Post by OtisT » Sun Jun 30, 2019 1:27 pm

Thanks Shiny Coke. I do like to provide details on the process and the whys a lot, and I appreciate you noticing. Probably not a lot of feedback on this thread because the recipe is similar in grain bill to another popular recipe that I based mine on, Christmas Chocolate Bourbon, and mine is a bit much on the process including specific feints and a convoluted wood aging process. :crazy:

I’ve been putting more details in my post and organizing them better, mainly for my own benefit. I used to keep a folder with details on each batch in it (still do) but I found that I would lose some papers, never consolidated my notes, and often I never documented the Whys. So long as HD stays on-line, I don’t have to worry about remembering years later what or why I did something to a batch. :D

Some folks get all bent out of shape when a poster tries to come off an expert, says something is the best way to do it, or adds a redundant or similar recipe. I always try to document in my posts that I’m doing this for my own records, to document my own personal journey. That usually keeps me out of trouble with the know-it-alls. I’m just a relative noob trying to find my way through this wonderful world. :wave:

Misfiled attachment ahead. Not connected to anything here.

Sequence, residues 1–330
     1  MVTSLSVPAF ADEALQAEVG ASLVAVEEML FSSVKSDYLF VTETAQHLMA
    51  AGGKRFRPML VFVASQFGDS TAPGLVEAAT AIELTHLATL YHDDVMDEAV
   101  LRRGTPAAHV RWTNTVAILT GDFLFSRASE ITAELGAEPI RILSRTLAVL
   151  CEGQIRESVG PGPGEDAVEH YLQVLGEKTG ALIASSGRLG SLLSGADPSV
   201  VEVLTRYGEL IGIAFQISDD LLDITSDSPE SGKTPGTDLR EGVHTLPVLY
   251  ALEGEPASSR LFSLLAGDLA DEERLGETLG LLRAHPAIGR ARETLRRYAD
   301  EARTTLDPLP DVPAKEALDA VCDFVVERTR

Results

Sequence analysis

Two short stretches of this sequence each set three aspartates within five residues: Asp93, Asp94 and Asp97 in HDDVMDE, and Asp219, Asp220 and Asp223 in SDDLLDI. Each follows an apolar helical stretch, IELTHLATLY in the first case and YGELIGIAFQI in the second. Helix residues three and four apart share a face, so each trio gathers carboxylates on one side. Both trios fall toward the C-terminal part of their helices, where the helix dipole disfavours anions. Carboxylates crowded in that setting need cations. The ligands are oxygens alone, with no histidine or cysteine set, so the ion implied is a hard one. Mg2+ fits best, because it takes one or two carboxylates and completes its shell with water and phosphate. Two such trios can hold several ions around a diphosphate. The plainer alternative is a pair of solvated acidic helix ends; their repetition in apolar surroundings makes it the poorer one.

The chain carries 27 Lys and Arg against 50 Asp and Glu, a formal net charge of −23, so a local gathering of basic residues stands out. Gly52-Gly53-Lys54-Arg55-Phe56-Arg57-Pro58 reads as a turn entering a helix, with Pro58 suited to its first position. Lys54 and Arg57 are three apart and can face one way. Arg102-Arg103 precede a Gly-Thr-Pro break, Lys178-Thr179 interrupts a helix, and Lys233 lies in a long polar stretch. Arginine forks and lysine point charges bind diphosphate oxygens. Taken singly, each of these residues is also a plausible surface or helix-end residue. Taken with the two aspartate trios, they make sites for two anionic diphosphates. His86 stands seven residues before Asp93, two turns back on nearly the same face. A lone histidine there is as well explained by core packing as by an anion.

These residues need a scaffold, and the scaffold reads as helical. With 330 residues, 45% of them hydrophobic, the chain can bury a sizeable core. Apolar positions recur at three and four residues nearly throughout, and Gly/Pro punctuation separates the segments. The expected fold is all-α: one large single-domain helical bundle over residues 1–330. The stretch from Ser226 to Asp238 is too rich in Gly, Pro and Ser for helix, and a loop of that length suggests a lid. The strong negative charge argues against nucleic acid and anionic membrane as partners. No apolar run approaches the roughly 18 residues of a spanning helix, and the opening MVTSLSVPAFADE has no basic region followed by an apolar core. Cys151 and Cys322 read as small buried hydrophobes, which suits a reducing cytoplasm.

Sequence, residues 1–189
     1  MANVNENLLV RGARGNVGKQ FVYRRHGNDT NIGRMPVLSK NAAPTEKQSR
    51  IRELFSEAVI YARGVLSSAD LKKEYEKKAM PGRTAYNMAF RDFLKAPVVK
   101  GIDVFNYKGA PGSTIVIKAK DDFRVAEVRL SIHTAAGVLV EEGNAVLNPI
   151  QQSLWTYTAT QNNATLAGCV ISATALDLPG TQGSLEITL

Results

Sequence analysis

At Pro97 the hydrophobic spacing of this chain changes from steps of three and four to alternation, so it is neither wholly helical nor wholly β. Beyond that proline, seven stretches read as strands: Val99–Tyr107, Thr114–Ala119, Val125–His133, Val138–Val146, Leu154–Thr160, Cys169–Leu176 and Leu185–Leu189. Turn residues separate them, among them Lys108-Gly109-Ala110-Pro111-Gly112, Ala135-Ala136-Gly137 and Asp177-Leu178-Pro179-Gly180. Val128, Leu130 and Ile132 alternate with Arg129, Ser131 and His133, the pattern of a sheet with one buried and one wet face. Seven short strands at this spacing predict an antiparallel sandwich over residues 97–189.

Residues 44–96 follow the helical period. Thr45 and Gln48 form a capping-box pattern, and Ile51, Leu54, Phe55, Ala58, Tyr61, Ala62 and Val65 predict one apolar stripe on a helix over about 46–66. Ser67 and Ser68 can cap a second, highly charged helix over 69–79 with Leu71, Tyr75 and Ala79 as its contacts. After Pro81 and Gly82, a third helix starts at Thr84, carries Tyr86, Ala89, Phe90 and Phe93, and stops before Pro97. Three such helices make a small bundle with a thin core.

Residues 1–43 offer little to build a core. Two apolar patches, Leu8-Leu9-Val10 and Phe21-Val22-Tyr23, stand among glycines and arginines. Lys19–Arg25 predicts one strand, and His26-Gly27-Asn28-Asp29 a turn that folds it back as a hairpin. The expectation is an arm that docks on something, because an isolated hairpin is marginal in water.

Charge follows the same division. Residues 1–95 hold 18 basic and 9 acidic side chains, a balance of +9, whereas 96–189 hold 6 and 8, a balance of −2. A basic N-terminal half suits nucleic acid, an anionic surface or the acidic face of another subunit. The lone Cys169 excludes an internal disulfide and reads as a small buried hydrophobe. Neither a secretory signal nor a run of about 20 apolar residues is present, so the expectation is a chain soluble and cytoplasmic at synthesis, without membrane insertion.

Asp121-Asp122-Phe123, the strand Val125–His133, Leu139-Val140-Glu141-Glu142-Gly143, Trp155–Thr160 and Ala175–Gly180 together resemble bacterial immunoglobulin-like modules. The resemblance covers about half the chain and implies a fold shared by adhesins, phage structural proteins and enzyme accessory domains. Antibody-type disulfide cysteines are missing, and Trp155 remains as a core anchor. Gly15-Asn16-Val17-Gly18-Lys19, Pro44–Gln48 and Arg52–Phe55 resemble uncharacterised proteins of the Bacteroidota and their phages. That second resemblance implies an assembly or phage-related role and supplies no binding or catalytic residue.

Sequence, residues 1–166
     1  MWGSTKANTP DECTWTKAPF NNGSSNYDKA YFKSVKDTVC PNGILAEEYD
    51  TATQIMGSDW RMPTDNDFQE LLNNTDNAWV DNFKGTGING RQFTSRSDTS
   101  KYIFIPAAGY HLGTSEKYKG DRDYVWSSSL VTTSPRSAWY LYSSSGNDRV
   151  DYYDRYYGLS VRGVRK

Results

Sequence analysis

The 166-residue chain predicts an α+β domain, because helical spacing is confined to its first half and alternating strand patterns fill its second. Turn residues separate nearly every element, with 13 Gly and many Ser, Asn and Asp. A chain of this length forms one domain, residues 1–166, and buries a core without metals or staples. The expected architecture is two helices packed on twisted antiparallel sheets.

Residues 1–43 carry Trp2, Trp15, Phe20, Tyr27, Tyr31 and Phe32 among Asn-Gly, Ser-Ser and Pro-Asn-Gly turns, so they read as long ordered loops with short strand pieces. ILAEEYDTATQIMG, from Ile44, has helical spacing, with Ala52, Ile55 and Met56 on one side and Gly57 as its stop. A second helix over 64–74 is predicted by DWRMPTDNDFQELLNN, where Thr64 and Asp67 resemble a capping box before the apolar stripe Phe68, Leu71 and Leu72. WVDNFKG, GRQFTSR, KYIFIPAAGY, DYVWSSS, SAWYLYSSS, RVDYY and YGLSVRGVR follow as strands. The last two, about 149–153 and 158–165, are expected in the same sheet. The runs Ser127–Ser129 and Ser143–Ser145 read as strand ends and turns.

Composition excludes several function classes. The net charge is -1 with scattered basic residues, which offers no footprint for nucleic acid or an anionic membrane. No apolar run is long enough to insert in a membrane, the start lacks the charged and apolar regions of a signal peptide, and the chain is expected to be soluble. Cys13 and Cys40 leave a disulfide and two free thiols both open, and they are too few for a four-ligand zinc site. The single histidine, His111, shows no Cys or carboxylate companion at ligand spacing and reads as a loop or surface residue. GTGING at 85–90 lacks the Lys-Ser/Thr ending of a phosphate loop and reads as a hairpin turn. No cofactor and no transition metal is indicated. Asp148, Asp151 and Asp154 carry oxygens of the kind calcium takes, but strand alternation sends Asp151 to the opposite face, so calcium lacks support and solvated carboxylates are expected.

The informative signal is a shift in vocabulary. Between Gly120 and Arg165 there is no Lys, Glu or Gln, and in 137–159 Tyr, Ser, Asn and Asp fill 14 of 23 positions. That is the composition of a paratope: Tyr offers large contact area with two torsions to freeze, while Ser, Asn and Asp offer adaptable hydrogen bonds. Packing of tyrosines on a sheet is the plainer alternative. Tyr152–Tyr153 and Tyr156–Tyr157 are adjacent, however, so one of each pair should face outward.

Otis
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Re: Dark Chocolate Bourbon

Post by MichiganCornhusker » Sun Jun 30, 2019 3:33 pm

I’m glad this has come back up, Otis, I’m going to go on a bourbon quest later this year and will be including this recipe.
I’ll probably also do SCD’s Chocolate Sundae, as well as a recipe from Derek Bell’s “Alt Whiskeys” where he does a hopped barley version based on Old Rasputin Stout. I believe Windy City brought a bottle of that to a fest many years ago and I can still taste it! Another version was done by Brutal, and he used chocolate rye.

These specialty malt recipes are inspiring!
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Re: Dark Chocolate Bourbon

Post by Chauncey » Sun Jun 30, 2019 11:07 pm